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Quiet Knick Chandler lets game do talking

New York Knicks' Wilson Chandler (21) high-fives with

New York Knicks' Wilson Chandler (21) high-fives with Toney Douglas (23) after Chandler shot a three-point basket during the second half of an NBA basketball game against the Indiana Pacers. (Jan. 2, 2011) Credit: AP

Wilson Chandler is barely audible in a Knicks dressing room dominated by the marquee, Amar'e Stoudemire, the emotional Ronny Turiaf and the fiery Raymond Felton. He'll rarely make eye contact with an opponent, let alone jaw with one during a game. But as his game continues to rise, so, apparently is the curtain on his personality.

While hitting a corner three with his heels just above the toes of the shouting players sitting on the Pacers' bench in the fourth quarter of Sunday's win shows Chandler's growing confidence, the glare he gave Indiana's bench as he ran back on defense was a rarely seen display of swagger.

And after scoring a season-high 31 points in Tuesday's stunning win over the Spurs, the quiet Chandler, who is averaging 17.9 points per game this season, has his game speaking for him. And others are, too.

Mike D'Antoni called the performance "outstanding" while Stoudemire went with "phenomenal." You'll never get such accolades out of the soft-spoken Chandler, but really, you don't need to. Confidence is oozing out of the 23-year-old, who at this point has become Isiah Thomas' one lasting positive contribution to the franchise.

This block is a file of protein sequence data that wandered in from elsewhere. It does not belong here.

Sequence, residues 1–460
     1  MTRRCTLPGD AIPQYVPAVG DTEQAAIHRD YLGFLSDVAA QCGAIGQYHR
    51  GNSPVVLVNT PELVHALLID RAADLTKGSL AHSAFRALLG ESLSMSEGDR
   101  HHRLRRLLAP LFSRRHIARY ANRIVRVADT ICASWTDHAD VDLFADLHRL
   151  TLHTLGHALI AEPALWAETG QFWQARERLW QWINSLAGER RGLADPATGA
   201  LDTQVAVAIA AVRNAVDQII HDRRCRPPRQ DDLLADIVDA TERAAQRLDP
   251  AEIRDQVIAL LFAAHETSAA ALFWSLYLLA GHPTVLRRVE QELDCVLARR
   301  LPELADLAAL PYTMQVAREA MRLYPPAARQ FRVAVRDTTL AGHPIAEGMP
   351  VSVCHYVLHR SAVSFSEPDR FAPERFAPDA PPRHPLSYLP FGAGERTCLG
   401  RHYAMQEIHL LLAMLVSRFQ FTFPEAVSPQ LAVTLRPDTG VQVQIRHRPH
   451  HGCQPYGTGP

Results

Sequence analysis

And while Thomas deserves credit for this late first-round find in the 2007 draft, Chandler is quick to deflect his success to D'Antoni and the coaching staff and teammates.

"They talk to me every day," he said. "I have to attribute a lot of it to them."

But no one forces Chandler to spend extra time at the gym working on his shooting form, touch and range. He was told that in this system he will get a lot of shots off from the corner because his defender will be forced to help down on Stoudemire. So Chandler practices that corner three to the point where it has become almost automatic. Shawne Williams, who finds himself in the opposite corner when he's on the floor with Chandler, does the same thing. "We get in the gym and we get a lot of reps up," Chandler said. "You've got to be able to knock them down when Amar'e gets double-teamed like that."

You can understand why D'Antoni winces whenever someone brings up trade rumors involving Carmelo Anthony. As much as the Knicks would love to add Anthony to their mix, as each game passes, the idea of including Chandler in a trade with the Nuggets - who, according to a person with knowledge of the situation, are quite fond of him - is met with stronger resistance.

There remains another caveat: Chandler will be a restricted free agent this summer and will need a contract, too. It will take some creative bookkeeping, but the plan is to carve out enough room to have the ability to sign Anthony and also re-sign Chandler.

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